Today we let the chickens out into the yard for the first time this year – there is actually a bit of grass/muddy driveway for them to hang out in, instead of just snow. The ducks found a big icy puddle to dabble in – they loved that. Here are a few pictures from today:
Spring is on its way, luckily. I’m glad to see this winter mostly behind us.
We’ve been up to a lot this last month – it still just keeps raining way too much, so everything tends to be sopping wet. Some veggies are finally starting to produce/ripen. I’m hoping the rains don’t hurt the harvest – I’m worried about tomatoes splitting. Oh, and we’ve also already had frost warnings – some areas near me actually had frost a week or so ago, but we lucked out at the house and didn’t get any frost. Here are some pics from the last few weeks:
Thanks for checking out our late summer pictures. Hopefully this rain will let up a bit and we’ll have a nice fall harvest.
After a pretty schizophrenic winter, spring appears to finally be here. We had big melts in January and February this winter, but I’m hoping the nice weather will stick this time. This is the U.P., so it’s very likely we will get some snow again, but I’m going to enjoy it while it lasts. The last few days were kind of crummy – cold and rainy. But today it was finally sunny, and in the low 50s. We got some things done outside, and the animals enjoyed the sunshine.
I’m hoping spring weather sticks around for awhile.
We are now getting tons of eggs. With winter we are somewhat over-run. We are currently getting at least 15-20 chicken eggs a day from our 35 hens. That doesn’t count the 5-6 duck eggs per day we get from the 6 ducks. In the fall we started selling the eggs at the local farmers’ market, but that only runs June-October. So for now, I sell what I can but we still have a LOT. So we eat a lot of eggs. The chickens are possibly laying less because it’s wintertime – in the spring their production may even go up. But the eggs are very pretty – we get all sorts of shades of browns, some almost pinks, some white eggs, and varying shades of greens. Here are some cool pictures of the eggs:
We were out feeding the chickens tonight, and realized one of our hens has a wound on her back. She is now in our makeshift “hen hospital.”
She’s one of my Production Red hens from our first batch of chickens, so she’s almost 3 years old. She has historically been one of the roosters’ favorites, so she tends to look a bit beat up, missing feathers from too much male attention. She happens to be molting right now, so with the roosters jumping on her, she developed a sore on her back, and then someone else started pecking at it. Chickens have a habit of pecking at anything that is red, which isn’t good if someone has a wound. I just noticed the sore tonight, and it looked really bad, so I figured we would take her in at least to clean it up. After taking a better look I decided we will keep her in for a few days to let her heal up and rest for a bit.
I’ll let her stay in for a few days, at least until she heals up. Then she’ll get to wear a chicken apron if it doesn’t seem to hurt her – sometimes with the molt it hurts them to wear one, or be touched at all. An apron will prevent the roosters from digging their claws into her back. She is a little small for the aprons I have, so I may have to resize one to fit her.
We had a pretty mild autumn this year. When I was growing up here, we were lucky if we didn’t have to wear snow suits under our Halloween costumes. Snow has come later the last couple of years. We finally got a couple inches the other night, the weekend before Thanksgiving. For most of my chickens, and the ducks, this is their first time seeing snow. The chickens are not very excited about it – the ducks seem to like it a little. I think they will enjoy it more when it’s deeper – we really only got a dusting.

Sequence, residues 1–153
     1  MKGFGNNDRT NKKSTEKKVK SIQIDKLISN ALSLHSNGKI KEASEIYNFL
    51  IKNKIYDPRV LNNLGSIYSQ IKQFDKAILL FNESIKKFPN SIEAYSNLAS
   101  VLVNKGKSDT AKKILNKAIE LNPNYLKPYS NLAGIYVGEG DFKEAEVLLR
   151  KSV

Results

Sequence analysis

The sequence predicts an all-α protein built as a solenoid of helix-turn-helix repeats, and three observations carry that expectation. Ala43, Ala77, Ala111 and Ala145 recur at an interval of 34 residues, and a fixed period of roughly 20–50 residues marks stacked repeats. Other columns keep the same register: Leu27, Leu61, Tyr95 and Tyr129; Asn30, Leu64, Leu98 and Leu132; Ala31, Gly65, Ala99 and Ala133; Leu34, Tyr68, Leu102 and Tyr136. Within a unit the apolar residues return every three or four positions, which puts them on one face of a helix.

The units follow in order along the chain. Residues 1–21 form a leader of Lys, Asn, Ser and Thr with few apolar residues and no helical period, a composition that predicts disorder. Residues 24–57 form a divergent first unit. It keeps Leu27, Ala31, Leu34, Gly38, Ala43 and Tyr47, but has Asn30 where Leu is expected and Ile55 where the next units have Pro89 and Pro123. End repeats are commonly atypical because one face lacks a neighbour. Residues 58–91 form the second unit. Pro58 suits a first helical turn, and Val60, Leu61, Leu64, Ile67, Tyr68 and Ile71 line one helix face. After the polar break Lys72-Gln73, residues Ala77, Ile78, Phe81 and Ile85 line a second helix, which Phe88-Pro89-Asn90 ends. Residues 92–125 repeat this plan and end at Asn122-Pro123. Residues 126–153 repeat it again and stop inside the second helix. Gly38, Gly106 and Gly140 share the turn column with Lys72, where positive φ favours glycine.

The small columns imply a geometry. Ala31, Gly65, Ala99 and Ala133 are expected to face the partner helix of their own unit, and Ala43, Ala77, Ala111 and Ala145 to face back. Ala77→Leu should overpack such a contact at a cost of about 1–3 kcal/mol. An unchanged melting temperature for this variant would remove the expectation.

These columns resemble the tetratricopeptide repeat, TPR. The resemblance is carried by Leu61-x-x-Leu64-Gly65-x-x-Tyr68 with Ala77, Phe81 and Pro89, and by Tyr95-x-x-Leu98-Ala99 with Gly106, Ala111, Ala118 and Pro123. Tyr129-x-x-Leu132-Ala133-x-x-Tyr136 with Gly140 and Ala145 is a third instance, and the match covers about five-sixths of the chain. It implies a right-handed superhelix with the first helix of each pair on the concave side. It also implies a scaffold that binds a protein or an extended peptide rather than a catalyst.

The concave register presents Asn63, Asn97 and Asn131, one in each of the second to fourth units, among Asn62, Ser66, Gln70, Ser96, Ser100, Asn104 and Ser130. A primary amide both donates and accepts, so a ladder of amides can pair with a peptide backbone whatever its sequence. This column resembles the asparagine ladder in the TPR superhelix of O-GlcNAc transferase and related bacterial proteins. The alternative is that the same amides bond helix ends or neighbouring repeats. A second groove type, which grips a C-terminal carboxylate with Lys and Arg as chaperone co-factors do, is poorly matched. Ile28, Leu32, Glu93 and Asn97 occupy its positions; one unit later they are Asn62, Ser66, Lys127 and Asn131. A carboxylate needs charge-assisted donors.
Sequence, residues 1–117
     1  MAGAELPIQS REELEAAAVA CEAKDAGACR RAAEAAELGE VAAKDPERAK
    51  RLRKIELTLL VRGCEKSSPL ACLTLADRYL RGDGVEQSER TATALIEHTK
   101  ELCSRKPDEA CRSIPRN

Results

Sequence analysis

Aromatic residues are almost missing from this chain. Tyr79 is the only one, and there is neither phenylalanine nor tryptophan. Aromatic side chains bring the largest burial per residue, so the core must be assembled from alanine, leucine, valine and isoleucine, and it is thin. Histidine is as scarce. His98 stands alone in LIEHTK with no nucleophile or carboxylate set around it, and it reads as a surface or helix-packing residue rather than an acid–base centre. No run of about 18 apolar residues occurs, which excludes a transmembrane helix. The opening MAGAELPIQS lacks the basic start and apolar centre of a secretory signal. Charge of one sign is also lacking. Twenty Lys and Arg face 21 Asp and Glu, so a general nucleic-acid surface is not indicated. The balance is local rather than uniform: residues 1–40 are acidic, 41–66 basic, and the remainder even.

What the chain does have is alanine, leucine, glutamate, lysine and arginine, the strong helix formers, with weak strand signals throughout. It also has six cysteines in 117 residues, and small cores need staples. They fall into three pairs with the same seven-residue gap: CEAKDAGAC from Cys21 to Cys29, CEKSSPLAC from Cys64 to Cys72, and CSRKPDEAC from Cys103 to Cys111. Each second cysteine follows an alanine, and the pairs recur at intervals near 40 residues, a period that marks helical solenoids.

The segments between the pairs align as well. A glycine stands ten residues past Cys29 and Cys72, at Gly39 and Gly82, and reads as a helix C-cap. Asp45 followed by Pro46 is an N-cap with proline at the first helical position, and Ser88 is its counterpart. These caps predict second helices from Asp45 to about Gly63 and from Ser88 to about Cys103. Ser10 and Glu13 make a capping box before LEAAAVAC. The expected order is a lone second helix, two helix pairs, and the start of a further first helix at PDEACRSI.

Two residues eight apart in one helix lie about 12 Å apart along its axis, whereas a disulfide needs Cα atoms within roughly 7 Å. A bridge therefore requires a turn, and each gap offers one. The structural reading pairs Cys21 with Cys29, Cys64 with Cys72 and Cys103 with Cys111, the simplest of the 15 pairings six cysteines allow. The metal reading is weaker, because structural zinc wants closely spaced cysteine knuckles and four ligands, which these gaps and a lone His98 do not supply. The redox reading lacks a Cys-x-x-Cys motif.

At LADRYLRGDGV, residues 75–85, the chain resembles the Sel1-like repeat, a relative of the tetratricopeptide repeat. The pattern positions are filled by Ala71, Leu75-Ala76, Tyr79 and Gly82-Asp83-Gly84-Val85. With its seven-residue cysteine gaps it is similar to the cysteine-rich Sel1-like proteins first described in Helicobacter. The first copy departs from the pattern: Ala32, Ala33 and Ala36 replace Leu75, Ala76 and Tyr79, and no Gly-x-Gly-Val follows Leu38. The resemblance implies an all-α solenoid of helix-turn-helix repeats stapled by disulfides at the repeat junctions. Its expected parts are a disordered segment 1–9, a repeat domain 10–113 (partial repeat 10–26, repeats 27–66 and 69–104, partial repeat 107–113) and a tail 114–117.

We’ve had a busy fall – we are now down to 41 chickens, and 6 ducks. We took out 6 roosters a few weeks ago, and now we still have 6 remaining roosters. There are a couple on the short-list for freezer camp, but we may wait till spring to take them out. Below are some pictures of what our fall looked like, and of our new snow.
It was a bit chilly today, but the sun was out. We have had colder temperatures lately, and the garden is mostly done. We had a couple of watermelons that just were not growing anymore. My son asked if he could pick them today, so I said yes. I figured they weren’t ripe, but when we cut into the largest one (the one we’d set up a sling for, from previous posts), it actually had some pink to it. And it was surprisingly sweet tasting. So this was our first ever successful watermelon:
For some reason (maybe the sunshine), I got the bright idea to let the chickens and ducks out of their run today. We have had so much rain, and it rains so often, that we just haven’t gotten a chance to mow our lawn in the last couple weeks. So I thought, since they’ll eat grass, and they’re hanging around in a semi-wet / muddy run, maybe they’d like to hang out in the yard for the day. It wasn’t that unwise, I suppose. It was just a cluster trying to get them back in. They wanted to hang out in the woods, and they found the sand pile for some much-needed dust baths, and didn’t want to give that up so easily. They didn’t really do much “mowing” for us, but they enjoyed themselves. We got some good pictures:
We also moved the adult rabbits to their winter home, inside our entrance shed/mud room. We got some new cages, and my husband has been putting them together and setting them up for us. Last winter was really hard with our old setup, so we wanted to make it easier this year. Here are photos:
The cages are pretty nice, we got them from KW Cages. They have a slide-out tray for easy cleanup, which should make it really nice. The rabbits are getting settled in – they weren’t so sure at first but they seem to be relaxing more tonight. We have a gate to the shed, so we can keep the nosy dogs out (Especially Atat, who is almost as tall as the cages, and very curious). I think this will work well for winter. We’ll get them set up outside again in spring.